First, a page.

SapphireStealer [1] [2] [3] [4] [5], an open-source .NET-based information stealer malware [1] [4] [5], has gained significant attention from cybercriminals for carrying out data-theft attacks. This article provides a detailed description of SapphireStealer, including its capabilities [4], distribution methods, and recent developments.


Originally developed by Russian hacker Roman Maslov, SapphireStealer has undergone modifications and subsequent releases, resulting in a more potent malware that attracts a growing number of attackers. This malicious software is capable of stealing various types of sensitive information, including corporate credentials [2] [4], access tokens [3], usernames [3], and passwords. The stolen data can then be monetized for more impactful attacks, such as espionage or ransomware operations.

SapphireStealer is similar to other stealer malware found on the dark web and is equipped with features to gather host information [4], browser data [4], files [1] [3] [4] [5], and screenshots [4]. It can exfiltrate the stolen data in the form of a ZIP file via SMTP [4]. Recent variants of SapphireStealer have introduced enhanced functionality, such as the ability to grab files in different formats and transmit log data through the Discord webhook API or Telegram API [3].

Multiple variants of SapphireStealer are already in circulation [1] [2] [4] [5], with threat actors continuously improving its efficiency and effectiveness [1] [2] [4] [5]. It is often delivered as part of a multi-stage infection process [1], with threat actors utilizing open-source malware downloaders like FUD-Loader [1]. The malware author has also released a .NET malware downloader called FUD-Loader [2] [4], which enables the retrieval of additional binary payloads from attacker-controlled distribution servers [4]. Talos has detected the malware downloader being used to deliver remote administration tools like DCRat [4], njRAT [4], DarkComet [4], and Agent Tesla [4].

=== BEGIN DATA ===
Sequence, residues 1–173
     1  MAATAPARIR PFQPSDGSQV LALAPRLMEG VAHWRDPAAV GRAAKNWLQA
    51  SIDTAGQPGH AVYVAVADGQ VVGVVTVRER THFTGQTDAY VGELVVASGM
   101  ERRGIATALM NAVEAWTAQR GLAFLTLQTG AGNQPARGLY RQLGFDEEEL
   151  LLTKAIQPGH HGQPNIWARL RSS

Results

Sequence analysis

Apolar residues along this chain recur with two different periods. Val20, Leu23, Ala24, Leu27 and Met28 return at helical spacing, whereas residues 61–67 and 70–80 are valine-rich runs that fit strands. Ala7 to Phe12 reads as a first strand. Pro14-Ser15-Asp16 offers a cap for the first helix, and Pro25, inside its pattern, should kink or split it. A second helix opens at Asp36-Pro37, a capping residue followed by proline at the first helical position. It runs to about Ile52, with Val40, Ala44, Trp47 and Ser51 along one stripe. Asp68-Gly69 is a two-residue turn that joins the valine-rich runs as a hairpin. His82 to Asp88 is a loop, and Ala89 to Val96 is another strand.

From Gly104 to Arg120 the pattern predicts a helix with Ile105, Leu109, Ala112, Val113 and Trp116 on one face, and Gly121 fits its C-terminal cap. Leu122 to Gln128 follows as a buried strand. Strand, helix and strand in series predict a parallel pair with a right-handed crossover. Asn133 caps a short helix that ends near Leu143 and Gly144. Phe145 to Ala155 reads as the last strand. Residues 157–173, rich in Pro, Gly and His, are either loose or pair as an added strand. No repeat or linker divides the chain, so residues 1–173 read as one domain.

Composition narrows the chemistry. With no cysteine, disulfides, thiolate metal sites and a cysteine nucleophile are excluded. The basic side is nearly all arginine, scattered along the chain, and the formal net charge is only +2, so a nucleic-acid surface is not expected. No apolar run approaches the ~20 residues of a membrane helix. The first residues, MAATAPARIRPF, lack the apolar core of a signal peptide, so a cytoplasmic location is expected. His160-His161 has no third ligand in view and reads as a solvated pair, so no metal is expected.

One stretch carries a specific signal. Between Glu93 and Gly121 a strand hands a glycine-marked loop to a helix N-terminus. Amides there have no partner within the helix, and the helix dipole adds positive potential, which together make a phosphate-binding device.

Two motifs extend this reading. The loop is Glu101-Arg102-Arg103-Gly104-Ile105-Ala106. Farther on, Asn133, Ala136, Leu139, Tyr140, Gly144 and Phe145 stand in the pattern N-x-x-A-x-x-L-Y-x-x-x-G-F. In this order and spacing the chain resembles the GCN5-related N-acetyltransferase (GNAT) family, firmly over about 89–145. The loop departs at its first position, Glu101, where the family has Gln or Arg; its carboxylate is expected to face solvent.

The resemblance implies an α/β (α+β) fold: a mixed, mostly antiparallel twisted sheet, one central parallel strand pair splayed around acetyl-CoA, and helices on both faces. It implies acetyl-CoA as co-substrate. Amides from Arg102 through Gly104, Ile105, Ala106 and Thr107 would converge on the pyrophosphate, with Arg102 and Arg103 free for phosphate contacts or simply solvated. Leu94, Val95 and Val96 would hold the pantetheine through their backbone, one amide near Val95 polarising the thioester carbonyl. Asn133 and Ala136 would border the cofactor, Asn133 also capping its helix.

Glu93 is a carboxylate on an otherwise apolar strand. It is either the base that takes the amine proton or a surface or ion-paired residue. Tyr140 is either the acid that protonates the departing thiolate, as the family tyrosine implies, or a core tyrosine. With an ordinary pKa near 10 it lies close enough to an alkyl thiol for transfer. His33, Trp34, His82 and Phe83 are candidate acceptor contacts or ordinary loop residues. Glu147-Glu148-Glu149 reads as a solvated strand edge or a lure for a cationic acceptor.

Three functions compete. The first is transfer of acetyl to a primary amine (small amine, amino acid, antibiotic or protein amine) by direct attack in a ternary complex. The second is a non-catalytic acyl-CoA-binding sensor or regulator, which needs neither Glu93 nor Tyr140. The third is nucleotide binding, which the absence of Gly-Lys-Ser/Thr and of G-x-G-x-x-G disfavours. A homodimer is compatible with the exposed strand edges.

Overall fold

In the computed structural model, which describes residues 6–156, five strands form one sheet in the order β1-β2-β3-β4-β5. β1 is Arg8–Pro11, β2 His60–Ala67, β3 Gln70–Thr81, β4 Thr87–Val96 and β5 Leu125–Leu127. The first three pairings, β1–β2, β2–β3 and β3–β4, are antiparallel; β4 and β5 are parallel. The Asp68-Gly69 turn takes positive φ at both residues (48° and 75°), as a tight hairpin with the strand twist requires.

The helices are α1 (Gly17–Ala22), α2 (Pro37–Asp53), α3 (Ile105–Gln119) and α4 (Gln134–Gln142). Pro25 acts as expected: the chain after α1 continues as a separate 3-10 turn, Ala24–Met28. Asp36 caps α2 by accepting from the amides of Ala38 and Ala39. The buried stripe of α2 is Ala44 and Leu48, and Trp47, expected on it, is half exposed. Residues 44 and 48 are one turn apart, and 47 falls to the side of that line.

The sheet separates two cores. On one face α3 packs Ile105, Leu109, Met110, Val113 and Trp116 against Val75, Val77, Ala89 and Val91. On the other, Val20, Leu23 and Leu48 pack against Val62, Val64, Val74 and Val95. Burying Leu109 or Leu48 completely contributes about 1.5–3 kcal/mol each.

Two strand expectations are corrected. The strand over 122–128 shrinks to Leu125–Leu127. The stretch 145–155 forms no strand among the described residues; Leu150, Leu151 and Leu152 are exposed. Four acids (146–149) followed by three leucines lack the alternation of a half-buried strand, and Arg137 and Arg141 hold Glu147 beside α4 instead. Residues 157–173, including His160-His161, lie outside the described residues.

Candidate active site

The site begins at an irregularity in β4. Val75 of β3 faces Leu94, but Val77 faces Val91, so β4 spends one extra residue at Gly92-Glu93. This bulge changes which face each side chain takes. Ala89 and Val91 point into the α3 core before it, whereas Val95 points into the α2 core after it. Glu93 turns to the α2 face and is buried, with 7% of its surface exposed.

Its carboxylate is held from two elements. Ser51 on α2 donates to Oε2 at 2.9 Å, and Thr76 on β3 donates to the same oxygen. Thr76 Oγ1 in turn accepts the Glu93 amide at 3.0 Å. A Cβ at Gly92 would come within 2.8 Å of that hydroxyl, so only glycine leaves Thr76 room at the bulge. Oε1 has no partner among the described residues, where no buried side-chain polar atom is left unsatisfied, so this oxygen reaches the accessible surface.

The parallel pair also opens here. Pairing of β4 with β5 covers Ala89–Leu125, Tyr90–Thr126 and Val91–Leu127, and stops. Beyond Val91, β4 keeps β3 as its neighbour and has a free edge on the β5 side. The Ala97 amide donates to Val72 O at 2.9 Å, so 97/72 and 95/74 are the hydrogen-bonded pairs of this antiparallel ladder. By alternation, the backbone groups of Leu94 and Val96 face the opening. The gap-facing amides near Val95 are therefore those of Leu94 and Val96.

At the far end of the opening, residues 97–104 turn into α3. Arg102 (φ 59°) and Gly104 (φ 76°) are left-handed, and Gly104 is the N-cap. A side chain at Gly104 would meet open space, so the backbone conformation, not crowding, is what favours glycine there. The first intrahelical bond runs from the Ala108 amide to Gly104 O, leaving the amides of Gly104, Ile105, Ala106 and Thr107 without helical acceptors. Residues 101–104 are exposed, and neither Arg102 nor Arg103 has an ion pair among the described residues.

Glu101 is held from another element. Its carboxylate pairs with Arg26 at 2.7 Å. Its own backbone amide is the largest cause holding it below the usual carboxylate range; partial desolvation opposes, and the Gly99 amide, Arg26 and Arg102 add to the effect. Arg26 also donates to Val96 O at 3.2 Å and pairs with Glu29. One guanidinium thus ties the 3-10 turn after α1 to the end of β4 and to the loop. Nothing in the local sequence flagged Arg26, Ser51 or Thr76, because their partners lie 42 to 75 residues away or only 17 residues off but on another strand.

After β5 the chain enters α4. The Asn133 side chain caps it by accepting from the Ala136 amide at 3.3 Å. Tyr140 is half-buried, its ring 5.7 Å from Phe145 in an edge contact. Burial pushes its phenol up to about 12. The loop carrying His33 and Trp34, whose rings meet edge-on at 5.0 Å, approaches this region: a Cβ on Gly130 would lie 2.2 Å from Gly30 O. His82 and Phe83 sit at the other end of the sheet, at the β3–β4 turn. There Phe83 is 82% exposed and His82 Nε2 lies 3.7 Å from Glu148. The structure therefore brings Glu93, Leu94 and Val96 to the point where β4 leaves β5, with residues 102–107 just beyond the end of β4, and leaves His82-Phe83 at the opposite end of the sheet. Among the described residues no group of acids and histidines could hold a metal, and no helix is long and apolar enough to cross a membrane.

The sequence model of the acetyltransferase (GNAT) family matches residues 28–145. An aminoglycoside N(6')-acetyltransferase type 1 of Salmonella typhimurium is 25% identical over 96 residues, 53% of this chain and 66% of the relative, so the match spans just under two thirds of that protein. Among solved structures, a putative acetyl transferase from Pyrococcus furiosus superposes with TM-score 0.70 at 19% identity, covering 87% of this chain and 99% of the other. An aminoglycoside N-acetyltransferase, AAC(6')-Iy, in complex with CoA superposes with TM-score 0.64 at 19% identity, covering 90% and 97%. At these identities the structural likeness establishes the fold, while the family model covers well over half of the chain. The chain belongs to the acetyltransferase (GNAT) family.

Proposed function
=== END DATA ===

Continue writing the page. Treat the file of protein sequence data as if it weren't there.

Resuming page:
The publication of SapphireStealer’s source code in late December 2022 has allowed cybercriminals to experiment with the malware [5], making it increasingly difficult to detect. Additionally, these malicious actors have incorporated new data exfiltration methods using Discord and Telegram [5]. New versions of SapphireStealer have been consistently uploaded to public malware repositories since mid-January 2023 [1]. Some samples of SapphireStealer have the ability to alert attackers to newly acquired infections via the Telegram posting API [1].

Earlier versions of SapphireStealer had redundant code execution and inefficiencies [1], but threat actors have streamlined its operations and improved its core functionality over time [1]. SapphireStealer represents an evolution of the cybercrime-as-a-service model and allows for the monetization of stolen data through ransomware [2], data theft [2], and other malicious activities [2].


SapphireStealer poses a significant threat to organizations and individuals, as it continues to evolve and attract a growing number of attackers. Mitigating the risk of SapphireStealer requires robust cybersecurity measures, including regular software updates, strong passwords, and employee education on phishing and malware prevention. The ongoing development and distribution of SapphireStealer highlight the need for constant vigilance and proactive defense strategies in the face of evolving cyber threats.

Additionally, the emergence of Agniane Stealer, another stealer malware capable of stealing credentials and cryptocurrency-related data, further underscores the need for comprehensive cybersecurity measures. The sale of Agniane Stealer on dark web forums and Telegram channels indicates a growing market for such malicious tools. Organizations and individuals must remain vigilant and take proactive steps to protect their sensitive information from these evolving threats.